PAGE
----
Rising interest rates are good for banks. A flatter yield curve isn't.
That was the dilemma faced by banks as the Federal Reserve again raised interest rates Wednesday. The Fed is now targeting short-term rates of between 1% and 1.25%.
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Yet longer-dated rates have fallen of late; the yield on the 10-year U.S. Treasury hit 2.11% at one point Wednesday. On Thursday it was at 2.16%.
The result is compression between short- and long-term rates. The spread between yields on 10- and two-year government debt has fallen in recent days to 0.81 percentage points. That is not far off levels experienced last summer, which were the lowest in five years. At its peak in this period, in late 2013, the spread was 2.61 percentage points.
A flatter yield curve threatens to pinch bank profits, even as the Fed's move to end nearly a decade of near-zero rates promises to help bolster them.
Bank of America, the second-largest U.S. bank by assets, illustrates the challenge. The bank is seen as the big bank that will benefit most from higher rates. Investors often buy and sell the lender's stock on rate expectations.
The Fed's increases, which began in December 2015, have helped lift the bank's profits broadly. Notably, it has helped to relieve pressure on the bank's net-interest margin, a measure of the profit the bank generates from borrowing money and then lending it out.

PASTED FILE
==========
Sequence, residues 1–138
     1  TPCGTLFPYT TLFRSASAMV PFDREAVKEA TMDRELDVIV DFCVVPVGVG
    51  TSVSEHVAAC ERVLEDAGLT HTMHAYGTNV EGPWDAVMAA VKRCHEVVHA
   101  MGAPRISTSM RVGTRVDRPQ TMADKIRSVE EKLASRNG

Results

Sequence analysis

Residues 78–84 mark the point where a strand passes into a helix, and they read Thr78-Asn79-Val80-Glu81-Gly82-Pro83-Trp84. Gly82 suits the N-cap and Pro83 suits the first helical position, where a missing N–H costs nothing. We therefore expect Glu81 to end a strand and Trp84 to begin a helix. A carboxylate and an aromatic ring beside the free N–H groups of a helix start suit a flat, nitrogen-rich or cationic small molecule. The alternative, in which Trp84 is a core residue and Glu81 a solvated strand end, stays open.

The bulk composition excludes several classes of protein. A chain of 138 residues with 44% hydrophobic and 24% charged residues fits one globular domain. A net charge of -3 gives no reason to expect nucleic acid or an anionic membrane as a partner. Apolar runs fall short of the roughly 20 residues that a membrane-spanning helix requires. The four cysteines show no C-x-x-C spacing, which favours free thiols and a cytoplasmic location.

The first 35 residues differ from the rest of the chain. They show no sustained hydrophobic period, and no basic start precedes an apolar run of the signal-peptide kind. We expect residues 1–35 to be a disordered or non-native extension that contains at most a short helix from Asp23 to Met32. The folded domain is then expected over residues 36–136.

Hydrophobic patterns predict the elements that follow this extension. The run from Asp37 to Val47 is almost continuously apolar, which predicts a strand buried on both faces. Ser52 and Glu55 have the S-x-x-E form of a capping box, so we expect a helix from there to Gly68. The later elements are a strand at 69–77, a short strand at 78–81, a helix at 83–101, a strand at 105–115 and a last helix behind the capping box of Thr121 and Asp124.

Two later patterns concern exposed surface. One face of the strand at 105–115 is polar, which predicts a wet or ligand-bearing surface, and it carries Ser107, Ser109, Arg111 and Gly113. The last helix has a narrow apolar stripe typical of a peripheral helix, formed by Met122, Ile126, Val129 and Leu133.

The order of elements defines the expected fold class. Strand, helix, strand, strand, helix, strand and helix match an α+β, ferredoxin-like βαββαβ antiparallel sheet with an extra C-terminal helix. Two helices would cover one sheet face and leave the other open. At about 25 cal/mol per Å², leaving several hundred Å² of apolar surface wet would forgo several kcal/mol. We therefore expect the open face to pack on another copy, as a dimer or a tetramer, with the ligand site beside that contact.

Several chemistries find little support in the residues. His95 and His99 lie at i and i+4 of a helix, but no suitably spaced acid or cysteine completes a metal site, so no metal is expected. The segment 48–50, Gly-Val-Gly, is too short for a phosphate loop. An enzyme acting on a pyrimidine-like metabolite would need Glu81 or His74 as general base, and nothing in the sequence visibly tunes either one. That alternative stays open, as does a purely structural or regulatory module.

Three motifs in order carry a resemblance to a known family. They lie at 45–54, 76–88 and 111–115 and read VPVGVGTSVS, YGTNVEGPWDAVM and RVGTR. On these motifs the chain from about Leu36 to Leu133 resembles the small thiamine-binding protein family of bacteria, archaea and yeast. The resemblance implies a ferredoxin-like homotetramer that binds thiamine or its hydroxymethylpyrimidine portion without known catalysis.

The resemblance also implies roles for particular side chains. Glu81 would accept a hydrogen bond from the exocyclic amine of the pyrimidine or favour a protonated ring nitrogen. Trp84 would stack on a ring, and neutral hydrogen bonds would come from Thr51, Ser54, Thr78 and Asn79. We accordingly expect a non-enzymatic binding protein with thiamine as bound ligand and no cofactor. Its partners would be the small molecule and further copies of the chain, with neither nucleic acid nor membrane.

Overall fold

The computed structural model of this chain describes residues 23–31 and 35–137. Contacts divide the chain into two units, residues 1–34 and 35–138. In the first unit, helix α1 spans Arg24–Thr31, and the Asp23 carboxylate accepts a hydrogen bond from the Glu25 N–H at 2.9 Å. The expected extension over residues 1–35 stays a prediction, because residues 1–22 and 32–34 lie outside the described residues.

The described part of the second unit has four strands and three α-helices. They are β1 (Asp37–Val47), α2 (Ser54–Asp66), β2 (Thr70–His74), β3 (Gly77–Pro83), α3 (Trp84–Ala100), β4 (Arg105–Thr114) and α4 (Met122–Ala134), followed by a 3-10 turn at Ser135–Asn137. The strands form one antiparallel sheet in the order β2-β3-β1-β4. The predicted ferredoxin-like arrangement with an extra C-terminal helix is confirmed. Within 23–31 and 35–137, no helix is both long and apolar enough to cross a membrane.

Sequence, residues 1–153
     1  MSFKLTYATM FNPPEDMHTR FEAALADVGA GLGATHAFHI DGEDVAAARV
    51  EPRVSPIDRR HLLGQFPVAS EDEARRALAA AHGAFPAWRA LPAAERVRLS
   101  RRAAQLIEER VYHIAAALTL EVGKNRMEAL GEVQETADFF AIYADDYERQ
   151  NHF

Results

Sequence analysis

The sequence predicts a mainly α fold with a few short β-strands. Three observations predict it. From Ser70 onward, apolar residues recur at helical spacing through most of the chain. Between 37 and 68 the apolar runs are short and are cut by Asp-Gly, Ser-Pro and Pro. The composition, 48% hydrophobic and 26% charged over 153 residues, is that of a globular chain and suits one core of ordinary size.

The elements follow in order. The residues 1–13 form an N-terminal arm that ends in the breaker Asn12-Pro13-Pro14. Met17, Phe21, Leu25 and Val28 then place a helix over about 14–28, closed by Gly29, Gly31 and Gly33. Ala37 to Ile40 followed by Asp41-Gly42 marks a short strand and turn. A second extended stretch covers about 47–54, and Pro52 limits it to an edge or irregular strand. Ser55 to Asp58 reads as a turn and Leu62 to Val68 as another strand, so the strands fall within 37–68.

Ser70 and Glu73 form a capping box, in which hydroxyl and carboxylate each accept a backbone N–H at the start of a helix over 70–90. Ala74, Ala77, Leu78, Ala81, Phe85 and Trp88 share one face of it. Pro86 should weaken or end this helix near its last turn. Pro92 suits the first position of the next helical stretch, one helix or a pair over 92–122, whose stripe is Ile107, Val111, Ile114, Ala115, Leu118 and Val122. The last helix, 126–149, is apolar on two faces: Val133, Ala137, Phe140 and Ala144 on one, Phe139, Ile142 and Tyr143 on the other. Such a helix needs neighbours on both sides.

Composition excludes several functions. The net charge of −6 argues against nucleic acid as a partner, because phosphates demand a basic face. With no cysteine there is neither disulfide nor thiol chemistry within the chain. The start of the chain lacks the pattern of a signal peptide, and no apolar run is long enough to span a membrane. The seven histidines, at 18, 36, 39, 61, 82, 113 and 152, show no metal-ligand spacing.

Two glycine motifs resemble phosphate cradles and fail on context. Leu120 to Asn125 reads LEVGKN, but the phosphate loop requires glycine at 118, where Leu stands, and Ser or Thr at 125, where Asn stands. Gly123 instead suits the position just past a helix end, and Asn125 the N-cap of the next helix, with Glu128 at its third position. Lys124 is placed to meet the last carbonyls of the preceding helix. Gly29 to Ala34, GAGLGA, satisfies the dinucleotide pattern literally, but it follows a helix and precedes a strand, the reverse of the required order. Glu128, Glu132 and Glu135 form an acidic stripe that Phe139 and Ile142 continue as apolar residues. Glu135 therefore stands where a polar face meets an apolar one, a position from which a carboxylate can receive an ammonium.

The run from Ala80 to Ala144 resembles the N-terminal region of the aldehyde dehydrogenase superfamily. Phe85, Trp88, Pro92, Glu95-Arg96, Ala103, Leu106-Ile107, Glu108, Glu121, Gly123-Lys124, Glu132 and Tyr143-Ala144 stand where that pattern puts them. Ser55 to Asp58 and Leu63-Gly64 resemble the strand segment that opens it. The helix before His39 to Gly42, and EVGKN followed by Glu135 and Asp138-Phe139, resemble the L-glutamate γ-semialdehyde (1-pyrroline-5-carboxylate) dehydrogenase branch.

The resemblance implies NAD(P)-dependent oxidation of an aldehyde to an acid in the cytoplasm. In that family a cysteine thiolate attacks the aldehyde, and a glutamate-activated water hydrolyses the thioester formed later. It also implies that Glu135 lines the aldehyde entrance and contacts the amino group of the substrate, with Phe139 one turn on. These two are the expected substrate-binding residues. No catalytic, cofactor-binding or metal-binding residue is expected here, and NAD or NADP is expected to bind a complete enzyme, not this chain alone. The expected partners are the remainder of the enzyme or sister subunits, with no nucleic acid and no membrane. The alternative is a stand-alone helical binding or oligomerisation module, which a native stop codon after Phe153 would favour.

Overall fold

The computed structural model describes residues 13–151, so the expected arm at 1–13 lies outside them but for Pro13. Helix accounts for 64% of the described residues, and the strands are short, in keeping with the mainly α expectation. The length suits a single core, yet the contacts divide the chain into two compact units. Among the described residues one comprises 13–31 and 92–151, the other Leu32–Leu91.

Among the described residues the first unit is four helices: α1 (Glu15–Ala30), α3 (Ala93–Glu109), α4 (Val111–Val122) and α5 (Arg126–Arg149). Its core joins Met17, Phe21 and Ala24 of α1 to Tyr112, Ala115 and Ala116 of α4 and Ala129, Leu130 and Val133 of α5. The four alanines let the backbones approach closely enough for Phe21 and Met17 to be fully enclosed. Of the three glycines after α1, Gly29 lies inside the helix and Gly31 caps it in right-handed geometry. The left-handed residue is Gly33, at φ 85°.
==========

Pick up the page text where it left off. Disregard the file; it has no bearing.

While the bank has been able to charge more for some loans, it has been able to hold steady the rates it pays for deposits. That bolsters its net-interest margin.
Last year, Bank of America paid an average of 0.08% for its interest-bearing deposits in the U.S. That rate has barely budged since then. Despite this, Bank of America kept raking in customers' money; such deposits increased $33 billion versus 2015.
"We are doing better than our models would have said" on how quickly the bank would have to increase deposit rates, Bank of America CEO Brian Moynihan said in late May.
In the first quarter, higher rates helped lift net interest income by more than $700 million.
Over time, though, the bank and others are likely to have to increase the amount it pays to depositors. That will lessen some of the benefit from rising short-term rates.
The bigger problem: The recent reversal in long-term rates means Bank of America, like other banks, earns less on its massive investment portfolio. When those rates fall, banks reinvest maturing securities at lower rates.
So, in late May, Bank of America cut its expectations for growth in net interest income for the second quarter, saying lower rates would reduce a previous forecast of about $150 million by at least $30 million.
Write to Rachel Louise Ensign at email@example.com
(END) Dow Jones Newswires
June 16, 2017 02:47 ET (06:47 GMT)